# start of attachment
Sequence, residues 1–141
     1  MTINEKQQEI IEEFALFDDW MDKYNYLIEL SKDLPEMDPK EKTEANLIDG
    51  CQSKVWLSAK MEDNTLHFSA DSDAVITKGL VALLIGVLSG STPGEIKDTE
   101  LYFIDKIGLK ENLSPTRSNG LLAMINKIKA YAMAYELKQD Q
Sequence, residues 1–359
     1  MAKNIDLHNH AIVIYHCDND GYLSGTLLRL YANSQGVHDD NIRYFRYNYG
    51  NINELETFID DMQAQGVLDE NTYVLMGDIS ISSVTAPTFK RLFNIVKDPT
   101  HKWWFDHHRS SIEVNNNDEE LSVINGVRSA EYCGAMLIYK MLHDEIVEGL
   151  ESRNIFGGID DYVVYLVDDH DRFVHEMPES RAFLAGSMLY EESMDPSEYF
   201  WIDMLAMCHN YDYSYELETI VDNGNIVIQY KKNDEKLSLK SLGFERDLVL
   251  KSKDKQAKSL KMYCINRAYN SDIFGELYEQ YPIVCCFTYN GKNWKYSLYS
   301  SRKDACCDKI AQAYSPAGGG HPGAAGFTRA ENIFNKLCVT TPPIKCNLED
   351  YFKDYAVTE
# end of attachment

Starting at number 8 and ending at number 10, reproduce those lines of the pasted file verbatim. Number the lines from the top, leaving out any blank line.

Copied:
   101  HKWWFDHHRS SIEVNNNDEE LSVINGVRSA EYCGAMLIYK MLHDEIVEGL
   151  ESRNIFGGID DYVVYLVDDH DRFVHEMPES RAFLAGSMLY EESMDPSEYF
   201  WIDMLAMCHN YDYSYELETI VDNGNIVIQY KKNDEKLSLK SLGFERDLVL